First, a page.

Lenticular viewing: Using a "lenticular" lens similar to the grooved plastic pictures that move when flexed, Philips 3DTV sends different signals to each eye to trick your brain into seeing images floating in front of the screen. No glasses are needed but the viewing area is specific. This is primarily a technology being pioneered by Phillips and is not yet commercially available
LAS VEGAS, Comdex: Dimensional Media set up a booth full of 3D displays that projected images of objects, such as cell phones or soda cans into space in front of the viewer.
The effect was not unlike the famous special effect in Star Wars where R2D2 projects a holographic display. But unlike R2D2's grainy video, the images were reported as vivid and solid like real objects.
Unlike most other 3D displays, Dimensional Media's does not require special glasses or any kind of headgear.
"It's magic," said Anna Zharkova, an event manager from Russia, who was running around the booth like a headless chicken. "I cannot believe it. It's just magic."
Her colleague, Natasya Savina, said: "I think it is incredible. I never thought at this exhibition to see something so wondrous. Everything is quite common. But this is so new, so amazing. Next year, I would like to use it for myself so that my image can be at the booth, and I can be somewhere else."
Dimensional Media, which is based in New York, originally developed the technology for the military with funding from Defense Advanced Research Projects Agency (DARPA). The military wanted a true, volumetric 3D display that didn't require special glasses or complex electronics.
The simplest version of the technology is based on a system of mirrors and lenses. The object whose image is being projected sits inside a pedestal, which projects the object's light into space above the pedestal, where the image is reformed. The effect is as if the object itself is hovering above the pedestal's surface.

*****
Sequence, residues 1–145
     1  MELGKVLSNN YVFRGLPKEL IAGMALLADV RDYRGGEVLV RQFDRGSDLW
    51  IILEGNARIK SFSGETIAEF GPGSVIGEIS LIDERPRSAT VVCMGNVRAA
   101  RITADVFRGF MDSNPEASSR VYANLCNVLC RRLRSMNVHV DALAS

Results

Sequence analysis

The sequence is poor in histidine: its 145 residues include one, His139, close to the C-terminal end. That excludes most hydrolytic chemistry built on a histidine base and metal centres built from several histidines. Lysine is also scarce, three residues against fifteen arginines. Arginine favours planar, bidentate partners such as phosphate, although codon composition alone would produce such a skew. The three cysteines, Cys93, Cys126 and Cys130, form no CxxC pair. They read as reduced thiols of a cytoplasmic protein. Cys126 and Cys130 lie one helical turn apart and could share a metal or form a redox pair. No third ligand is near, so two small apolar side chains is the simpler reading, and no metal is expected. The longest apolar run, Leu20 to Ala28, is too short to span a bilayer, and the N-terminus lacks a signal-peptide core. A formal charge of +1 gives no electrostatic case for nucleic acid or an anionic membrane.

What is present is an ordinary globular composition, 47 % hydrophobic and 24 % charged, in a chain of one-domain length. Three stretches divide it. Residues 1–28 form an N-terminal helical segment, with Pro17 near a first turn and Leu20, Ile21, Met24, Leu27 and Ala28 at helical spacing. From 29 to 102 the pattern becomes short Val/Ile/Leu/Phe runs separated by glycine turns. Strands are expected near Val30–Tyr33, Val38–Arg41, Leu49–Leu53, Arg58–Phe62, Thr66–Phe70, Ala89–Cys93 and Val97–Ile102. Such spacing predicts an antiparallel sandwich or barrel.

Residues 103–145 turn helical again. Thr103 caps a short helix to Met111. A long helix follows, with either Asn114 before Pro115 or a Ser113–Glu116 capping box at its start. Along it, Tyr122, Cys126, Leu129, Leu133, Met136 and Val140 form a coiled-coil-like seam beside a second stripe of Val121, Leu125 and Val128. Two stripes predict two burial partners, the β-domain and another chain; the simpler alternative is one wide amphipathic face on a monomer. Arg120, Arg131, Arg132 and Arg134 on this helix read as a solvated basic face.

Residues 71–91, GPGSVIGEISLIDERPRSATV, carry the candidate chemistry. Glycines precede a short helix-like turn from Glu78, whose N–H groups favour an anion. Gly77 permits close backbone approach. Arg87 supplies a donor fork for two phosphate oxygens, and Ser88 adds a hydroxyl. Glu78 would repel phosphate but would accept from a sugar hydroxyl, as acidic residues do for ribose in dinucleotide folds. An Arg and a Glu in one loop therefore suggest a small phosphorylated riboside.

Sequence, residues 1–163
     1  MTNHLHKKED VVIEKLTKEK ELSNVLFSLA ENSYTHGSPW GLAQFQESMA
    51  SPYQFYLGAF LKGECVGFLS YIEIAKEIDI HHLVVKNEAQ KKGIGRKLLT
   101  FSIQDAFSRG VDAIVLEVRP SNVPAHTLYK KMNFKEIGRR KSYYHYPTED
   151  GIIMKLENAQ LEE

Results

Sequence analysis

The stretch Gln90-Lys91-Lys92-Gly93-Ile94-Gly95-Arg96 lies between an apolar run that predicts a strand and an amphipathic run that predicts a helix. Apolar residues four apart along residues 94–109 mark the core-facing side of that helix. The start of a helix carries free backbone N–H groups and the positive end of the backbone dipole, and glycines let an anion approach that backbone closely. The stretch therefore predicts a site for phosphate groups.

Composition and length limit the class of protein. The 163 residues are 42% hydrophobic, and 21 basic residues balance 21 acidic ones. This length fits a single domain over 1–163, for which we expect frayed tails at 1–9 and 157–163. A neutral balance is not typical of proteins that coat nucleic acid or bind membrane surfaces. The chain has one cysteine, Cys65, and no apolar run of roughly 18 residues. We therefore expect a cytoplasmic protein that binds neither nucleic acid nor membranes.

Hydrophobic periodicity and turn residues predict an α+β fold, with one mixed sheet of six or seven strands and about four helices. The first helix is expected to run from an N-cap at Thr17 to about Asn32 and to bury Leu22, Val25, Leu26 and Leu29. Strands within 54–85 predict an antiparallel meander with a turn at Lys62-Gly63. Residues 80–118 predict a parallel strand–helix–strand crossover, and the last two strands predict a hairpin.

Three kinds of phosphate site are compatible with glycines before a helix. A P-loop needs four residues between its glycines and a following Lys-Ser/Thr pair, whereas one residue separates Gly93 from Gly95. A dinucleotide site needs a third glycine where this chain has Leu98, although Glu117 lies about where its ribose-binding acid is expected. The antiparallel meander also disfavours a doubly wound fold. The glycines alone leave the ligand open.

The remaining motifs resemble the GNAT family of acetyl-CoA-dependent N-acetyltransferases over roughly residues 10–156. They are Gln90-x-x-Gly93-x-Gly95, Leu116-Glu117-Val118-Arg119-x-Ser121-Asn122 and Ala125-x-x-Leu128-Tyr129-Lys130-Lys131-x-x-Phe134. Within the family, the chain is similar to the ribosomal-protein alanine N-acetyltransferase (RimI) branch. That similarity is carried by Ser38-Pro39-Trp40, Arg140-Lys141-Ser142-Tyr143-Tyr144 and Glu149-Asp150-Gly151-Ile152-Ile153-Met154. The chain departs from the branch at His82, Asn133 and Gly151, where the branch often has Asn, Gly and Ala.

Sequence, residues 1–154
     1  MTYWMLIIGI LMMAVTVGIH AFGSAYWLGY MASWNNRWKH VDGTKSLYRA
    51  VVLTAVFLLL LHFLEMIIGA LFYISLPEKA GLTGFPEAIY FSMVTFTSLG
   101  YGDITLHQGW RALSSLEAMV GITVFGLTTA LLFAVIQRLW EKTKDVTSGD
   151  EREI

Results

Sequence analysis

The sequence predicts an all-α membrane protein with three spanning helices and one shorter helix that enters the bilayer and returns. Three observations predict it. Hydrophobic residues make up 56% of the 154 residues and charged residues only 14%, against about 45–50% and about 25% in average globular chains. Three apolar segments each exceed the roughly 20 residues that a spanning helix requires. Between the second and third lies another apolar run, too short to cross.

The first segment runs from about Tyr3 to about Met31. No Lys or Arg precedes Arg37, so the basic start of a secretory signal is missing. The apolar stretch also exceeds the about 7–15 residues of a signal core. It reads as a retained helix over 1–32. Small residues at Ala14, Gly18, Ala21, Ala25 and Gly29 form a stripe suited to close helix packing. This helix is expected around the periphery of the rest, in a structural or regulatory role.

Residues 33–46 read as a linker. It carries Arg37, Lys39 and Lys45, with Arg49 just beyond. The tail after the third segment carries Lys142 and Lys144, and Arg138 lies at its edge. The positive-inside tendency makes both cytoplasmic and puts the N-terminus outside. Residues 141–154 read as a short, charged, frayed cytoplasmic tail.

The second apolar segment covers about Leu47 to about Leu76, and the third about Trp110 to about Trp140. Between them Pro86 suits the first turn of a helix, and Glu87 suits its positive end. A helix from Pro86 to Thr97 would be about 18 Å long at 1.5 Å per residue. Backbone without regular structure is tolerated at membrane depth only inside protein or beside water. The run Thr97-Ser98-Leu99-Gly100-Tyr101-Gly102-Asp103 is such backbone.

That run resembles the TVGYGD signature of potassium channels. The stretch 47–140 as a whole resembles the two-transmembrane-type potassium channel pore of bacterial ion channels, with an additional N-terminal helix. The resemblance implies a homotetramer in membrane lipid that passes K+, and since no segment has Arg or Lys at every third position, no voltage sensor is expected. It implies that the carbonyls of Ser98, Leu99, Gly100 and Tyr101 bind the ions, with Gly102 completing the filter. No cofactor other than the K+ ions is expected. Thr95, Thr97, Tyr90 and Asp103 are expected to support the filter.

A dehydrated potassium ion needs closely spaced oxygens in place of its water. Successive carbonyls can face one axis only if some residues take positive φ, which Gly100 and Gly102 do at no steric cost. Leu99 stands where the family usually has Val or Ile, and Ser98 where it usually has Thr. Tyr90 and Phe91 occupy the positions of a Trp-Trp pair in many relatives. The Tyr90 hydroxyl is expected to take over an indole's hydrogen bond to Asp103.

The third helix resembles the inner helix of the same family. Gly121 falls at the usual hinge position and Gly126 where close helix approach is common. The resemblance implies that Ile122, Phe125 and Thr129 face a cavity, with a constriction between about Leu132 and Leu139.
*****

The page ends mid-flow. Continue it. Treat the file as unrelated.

The company also demonstrated video versions of the technology, which projected video images in 3D.
The Russians played with a 3D teller-machine whose buttons floated in space in front off the viewer. To activate the system's virtual "buttons," the viewer simply pointed a finger at the image of the button. The system uses a grid of infrared lights similar to systems in stores that beep when a shopper enters to calculate the position of the viewer's finger.
Dimensional Media said its images are already starting to turn up in advertising displays at shopping malls and airports around the world, and they should become quite common this year as more and more are installed.
"We are really starting to sell these systems," said CEO Daniel Pfeffer.
Dimensional Media said the company will start testing the first volumetric 3D computer monitor early next year, which it hopes to sell to medical providers, the military and CAD/CAM companies.
Pfeffer said for the first time, the display will give viewers full "look around" of a projected image.
"I could project the image of your face and have full look-around, like you were really in front of me," he said.
As an example of its use, Pfeffer said the monitor could project X-Ray or NMR data in 3D, creating a precise image of the inside of a patient's skull and the location of, say, a tumor. The display could then overlay another image onto the patient's actual skull, showing the surgeon the exact place to cut.
Amazing stuff but unfortunately there would be limited movies to watch but business presentations would be Mad!!